Bottled Water Poised to Overtake Soda as Most Popular Beverage

It may come as a surprise to many that bottled water is on the brink of surpassing soda as the most popular drink in the United States. This seismic demand for bottle water is occurring everywhere, from grocery stores and convenience shops to restaurants and vending machines.

The rise in the popularity of bottled water accompanies a fall from grace by many sugary beverages as the nation becomes more and more concerned with good health. Statistics show that bottled water consumption in the U.S. grew 120 percent between 2000 and 2015.

Experts site other reasons for the rise in the popularity of bottled water. For example, unlike orange juice and sports drinks that are usually consumed at particular times of day, water is consumed throughout the day.

The bottled water industry, however, is exploding not just in the United States but around the world. Bottled water is the fast-growing beverage market in the world. This growth has been occurring for the past 20 years and the bottled water industry is expected to reach $280 billion by 2020.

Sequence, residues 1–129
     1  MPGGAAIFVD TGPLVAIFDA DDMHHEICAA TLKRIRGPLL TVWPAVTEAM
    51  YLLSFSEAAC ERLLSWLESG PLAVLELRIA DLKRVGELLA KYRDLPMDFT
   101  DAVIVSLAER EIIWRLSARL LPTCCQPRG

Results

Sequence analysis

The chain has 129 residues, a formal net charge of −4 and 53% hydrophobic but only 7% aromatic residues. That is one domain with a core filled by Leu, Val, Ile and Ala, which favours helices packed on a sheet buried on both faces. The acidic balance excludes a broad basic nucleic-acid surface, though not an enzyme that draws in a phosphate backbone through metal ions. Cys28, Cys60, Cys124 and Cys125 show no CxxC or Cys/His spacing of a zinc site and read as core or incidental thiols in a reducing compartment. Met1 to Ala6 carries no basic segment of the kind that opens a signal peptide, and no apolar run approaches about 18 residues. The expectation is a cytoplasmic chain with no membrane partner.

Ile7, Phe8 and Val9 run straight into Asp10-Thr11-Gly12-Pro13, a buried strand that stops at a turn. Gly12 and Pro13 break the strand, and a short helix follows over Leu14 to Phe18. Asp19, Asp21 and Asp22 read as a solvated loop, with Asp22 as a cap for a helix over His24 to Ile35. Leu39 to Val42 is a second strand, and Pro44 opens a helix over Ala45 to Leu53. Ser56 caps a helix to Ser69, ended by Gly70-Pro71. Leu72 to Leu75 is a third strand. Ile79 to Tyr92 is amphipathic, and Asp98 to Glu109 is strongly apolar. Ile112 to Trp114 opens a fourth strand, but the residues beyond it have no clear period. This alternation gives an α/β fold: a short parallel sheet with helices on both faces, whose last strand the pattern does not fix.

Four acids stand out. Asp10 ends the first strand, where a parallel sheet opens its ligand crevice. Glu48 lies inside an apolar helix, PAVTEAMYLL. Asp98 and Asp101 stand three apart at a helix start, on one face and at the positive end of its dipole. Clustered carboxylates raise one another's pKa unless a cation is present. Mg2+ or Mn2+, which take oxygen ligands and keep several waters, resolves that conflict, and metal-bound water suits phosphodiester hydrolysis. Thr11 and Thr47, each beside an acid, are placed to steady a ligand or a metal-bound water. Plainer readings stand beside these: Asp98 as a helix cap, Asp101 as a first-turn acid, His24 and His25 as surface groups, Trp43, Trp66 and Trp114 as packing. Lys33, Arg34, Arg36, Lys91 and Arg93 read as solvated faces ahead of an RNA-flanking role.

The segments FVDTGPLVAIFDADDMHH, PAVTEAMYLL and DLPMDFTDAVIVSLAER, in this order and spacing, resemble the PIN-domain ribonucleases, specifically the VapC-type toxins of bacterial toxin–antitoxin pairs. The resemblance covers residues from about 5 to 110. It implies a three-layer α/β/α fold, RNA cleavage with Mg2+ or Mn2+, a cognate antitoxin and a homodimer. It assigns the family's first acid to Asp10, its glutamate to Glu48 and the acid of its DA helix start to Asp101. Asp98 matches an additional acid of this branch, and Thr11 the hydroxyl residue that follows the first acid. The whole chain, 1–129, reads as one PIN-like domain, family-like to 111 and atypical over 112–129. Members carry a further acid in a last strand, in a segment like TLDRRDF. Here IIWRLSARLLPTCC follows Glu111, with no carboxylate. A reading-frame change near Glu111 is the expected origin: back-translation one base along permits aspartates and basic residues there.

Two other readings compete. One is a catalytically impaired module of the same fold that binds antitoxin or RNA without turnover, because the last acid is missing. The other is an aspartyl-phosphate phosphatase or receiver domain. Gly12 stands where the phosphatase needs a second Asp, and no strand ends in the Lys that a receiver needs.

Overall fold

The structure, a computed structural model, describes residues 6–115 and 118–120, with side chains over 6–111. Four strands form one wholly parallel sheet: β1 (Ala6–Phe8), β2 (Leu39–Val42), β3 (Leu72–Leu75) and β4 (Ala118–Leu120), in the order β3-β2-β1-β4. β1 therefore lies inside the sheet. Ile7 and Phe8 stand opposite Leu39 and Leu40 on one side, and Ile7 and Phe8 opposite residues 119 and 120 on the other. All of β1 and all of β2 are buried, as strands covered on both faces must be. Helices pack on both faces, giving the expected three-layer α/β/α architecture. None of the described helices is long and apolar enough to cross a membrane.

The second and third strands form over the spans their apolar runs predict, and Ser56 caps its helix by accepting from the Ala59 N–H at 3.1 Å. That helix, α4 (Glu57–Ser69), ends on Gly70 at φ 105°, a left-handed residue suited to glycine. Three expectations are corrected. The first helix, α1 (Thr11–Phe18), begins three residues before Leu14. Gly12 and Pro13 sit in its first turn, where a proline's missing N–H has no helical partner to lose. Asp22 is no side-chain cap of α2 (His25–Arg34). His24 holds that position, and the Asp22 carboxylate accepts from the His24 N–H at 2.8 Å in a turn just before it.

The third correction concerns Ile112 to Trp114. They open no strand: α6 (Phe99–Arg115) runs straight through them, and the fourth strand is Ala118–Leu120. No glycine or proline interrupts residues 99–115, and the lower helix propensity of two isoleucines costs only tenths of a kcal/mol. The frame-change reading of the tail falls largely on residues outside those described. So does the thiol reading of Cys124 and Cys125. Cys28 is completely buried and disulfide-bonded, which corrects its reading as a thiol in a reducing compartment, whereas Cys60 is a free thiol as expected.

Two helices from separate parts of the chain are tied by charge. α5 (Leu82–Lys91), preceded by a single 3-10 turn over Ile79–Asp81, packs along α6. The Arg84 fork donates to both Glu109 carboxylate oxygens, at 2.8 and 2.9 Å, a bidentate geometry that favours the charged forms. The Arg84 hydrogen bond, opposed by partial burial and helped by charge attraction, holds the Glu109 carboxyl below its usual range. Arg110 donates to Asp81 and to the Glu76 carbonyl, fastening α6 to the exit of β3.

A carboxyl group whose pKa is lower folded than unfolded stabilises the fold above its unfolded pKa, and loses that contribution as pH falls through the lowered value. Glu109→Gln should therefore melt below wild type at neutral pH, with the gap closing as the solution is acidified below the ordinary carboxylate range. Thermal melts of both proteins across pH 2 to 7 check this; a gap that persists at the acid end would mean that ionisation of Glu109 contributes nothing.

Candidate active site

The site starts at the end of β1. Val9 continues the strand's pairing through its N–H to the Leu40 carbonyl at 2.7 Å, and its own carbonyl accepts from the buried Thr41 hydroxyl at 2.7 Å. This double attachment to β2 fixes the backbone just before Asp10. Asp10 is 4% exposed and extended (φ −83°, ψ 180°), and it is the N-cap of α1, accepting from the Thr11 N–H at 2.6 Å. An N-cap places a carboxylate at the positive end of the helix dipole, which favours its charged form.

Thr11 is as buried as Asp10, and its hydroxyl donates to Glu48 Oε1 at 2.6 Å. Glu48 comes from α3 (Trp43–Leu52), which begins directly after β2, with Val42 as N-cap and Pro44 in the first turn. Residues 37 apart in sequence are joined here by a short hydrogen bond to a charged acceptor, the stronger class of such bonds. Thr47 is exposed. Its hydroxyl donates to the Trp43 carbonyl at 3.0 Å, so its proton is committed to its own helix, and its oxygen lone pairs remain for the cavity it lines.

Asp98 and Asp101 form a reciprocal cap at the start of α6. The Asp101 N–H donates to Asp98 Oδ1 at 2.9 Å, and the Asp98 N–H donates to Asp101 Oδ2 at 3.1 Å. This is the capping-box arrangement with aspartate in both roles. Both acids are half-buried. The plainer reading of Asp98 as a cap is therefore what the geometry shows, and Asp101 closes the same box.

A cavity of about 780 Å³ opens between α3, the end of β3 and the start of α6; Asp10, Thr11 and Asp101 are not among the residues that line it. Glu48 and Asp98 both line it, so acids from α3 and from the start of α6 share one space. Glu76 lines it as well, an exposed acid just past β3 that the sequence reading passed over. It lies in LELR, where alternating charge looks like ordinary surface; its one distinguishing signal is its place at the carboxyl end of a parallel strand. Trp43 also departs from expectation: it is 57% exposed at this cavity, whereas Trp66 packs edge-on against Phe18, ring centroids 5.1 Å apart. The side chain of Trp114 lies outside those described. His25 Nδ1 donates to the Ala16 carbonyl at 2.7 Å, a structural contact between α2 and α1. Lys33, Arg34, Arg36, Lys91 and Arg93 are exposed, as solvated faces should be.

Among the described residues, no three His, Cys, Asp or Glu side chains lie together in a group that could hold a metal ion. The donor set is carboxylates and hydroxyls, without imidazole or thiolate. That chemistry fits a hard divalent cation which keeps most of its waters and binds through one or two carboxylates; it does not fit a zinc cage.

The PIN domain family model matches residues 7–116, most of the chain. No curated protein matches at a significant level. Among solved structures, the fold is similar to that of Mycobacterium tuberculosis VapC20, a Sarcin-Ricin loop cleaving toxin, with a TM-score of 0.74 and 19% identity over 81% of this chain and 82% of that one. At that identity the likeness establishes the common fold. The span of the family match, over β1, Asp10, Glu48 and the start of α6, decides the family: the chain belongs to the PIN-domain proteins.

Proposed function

So where do we stand in 2017? Here are some of the major news and trends expected to dominate the bottled-water market this year:

  1. China will remain the number one consumer of bottled water. In 2016, China surpassed the U.S. in bottled water sales. Overall, the Asian market share of the bottled water industry was 41 percent in 2015. Surveys show that the increase in sales of bottled water in China comes down to desire for pure drinking water.
  2. It’s not your father’s bottled water. The ability of bottled water producers to create new types of bottled water is what has helped fuel the explosive growth in the industry. From flavored water to vitamin-infused water to sparkling water and even oxygenated water, bottled water companies are constantly looking for new ways to expand their offerings and, ultimately, market share.
  3. Packaging counts. Novelty counts in the bottled water industry and innovative packaging and shelf appeal are huge factors in attracting consumers to particular brands.

Not everyone in the beverage world is thrilled with the trend toward bottled water. Marketing data shows that consumers are not nearly as loyal to water brands as they are to soda brands. Further, the profit margins for bottled water are lower than other beverages. This has caused major beverage companies to be less than enthusiastic about consumers’ shift toward bottle water. Finally, many people are concerned about all of the plastic bottle waste that comes with bottled water.


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